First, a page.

This is one of the nymphs I collected doing something very, very strange on March 17th 2004. In the middle of the day, around 2 pm, in the water right around my feet I watched lots of Ephemerella nymphs clumsily swimming up all the way to the surface and then just kind of drifting and wiggling around in the water column. None hatched. They seemed to do it more intensely when the sun was out. It wasn't the time of day for the normal invertebrate drift phenomenon, and as far as I know invertebrate drift doesn't involve this kind of clear effort to swim all the way to the surface. I didn't need a net to catch them, I just reached down into the water and grabbed them with my fingers just below the surface.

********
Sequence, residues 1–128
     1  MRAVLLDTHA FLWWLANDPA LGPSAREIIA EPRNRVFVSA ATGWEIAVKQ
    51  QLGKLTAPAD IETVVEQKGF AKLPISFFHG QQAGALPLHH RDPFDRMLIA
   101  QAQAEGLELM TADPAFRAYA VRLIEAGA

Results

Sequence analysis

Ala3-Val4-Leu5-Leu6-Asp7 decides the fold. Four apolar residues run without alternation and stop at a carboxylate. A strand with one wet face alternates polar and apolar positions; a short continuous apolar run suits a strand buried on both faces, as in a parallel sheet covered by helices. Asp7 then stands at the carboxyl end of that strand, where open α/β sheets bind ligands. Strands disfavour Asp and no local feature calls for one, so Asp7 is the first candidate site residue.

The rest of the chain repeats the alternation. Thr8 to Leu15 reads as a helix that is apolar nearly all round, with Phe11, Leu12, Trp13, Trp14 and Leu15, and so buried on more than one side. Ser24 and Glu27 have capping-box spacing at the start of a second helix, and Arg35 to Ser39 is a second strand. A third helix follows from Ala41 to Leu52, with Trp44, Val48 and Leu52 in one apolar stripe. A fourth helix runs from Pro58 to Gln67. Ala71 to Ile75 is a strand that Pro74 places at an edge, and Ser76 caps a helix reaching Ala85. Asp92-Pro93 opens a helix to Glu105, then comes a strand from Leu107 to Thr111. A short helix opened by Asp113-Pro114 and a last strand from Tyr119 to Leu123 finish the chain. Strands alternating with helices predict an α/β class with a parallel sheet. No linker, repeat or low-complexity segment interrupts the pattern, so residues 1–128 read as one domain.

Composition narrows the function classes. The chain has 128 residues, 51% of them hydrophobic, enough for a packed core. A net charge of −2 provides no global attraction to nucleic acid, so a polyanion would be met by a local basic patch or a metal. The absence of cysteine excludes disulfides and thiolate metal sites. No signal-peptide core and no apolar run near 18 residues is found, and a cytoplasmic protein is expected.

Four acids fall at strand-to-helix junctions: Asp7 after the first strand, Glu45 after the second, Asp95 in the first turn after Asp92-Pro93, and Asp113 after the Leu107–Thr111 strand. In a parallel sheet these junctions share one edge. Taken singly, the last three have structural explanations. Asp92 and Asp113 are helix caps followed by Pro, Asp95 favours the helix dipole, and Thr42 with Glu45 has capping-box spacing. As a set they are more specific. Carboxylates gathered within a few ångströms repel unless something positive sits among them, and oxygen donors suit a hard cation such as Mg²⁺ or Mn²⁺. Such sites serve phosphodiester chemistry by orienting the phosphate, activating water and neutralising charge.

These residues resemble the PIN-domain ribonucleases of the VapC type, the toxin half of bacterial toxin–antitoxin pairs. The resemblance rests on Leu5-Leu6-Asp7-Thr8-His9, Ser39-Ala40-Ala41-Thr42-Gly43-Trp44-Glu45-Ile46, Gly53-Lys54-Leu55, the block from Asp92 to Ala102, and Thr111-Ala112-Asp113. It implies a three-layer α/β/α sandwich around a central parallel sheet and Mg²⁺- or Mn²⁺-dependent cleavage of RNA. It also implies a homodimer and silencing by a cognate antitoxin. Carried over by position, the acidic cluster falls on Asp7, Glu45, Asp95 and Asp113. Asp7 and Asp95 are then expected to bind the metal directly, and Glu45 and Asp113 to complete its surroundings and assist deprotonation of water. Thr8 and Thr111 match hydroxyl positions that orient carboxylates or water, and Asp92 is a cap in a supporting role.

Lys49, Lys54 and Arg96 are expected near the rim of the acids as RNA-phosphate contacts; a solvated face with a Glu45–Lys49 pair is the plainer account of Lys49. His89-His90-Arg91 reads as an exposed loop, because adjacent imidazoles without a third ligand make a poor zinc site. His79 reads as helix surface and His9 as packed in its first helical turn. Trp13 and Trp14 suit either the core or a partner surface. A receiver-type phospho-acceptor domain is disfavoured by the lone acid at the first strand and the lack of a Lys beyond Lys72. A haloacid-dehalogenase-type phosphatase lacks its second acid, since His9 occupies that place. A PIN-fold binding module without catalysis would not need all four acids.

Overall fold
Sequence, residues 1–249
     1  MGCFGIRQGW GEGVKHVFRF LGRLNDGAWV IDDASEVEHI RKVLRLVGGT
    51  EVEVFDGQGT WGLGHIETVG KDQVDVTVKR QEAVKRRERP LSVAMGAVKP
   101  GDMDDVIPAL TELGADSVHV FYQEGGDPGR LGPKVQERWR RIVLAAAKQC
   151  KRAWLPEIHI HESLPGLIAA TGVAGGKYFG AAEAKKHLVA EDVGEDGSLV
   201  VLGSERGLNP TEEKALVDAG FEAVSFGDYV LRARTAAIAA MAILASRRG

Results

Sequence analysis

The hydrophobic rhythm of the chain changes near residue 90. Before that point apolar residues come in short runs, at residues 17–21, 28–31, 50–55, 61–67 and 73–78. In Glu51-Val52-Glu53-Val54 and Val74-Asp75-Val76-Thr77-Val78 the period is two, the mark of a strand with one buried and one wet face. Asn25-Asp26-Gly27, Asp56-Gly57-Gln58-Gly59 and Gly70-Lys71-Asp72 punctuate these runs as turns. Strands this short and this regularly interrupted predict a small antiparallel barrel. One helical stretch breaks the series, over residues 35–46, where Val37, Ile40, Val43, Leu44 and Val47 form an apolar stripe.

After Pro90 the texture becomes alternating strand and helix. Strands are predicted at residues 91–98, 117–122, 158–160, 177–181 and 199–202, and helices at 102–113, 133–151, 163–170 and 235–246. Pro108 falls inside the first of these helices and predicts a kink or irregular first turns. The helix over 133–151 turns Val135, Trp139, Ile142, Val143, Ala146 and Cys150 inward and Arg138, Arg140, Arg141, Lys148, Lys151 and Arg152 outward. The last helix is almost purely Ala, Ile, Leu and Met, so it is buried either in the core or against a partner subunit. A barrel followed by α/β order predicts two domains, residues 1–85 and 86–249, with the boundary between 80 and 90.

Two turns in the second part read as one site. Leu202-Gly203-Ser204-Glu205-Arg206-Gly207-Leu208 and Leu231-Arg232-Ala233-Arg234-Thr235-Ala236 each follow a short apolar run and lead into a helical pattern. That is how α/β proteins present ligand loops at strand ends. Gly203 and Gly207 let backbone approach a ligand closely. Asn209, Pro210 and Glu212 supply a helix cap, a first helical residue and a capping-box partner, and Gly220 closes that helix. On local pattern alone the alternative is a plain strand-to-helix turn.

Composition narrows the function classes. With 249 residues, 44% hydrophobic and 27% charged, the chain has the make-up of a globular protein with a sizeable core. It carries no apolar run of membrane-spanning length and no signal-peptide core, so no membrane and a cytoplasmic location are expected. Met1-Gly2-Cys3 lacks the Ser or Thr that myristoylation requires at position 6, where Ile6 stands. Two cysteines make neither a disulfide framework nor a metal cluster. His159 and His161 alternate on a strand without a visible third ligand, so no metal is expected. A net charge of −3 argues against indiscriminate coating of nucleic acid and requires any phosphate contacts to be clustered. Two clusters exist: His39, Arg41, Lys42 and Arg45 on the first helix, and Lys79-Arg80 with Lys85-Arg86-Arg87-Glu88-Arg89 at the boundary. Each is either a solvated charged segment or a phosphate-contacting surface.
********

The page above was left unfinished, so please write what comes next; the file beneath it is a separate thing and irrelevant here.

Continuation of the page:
The prominent abdominal tubercles (
Tubercle: Various peculiar little bumps or projections on an insect. Their character is important for the identification of many kinds of insects, such as the nymphs of Ephemerellidae mayflies.) aren't quite black, though, and the general color is a dark brown, though I saw nymphs with all Hendrickson color stages behaving strangely.
A few (not all) of the abdominal tubercles on this Ephemerella needhami
nymph are circled. They are especially large in this species.
This mayfly was collected from the Namekagon River on March 17th, 2004 and added to Troutnut.com on January 25th, 2006.
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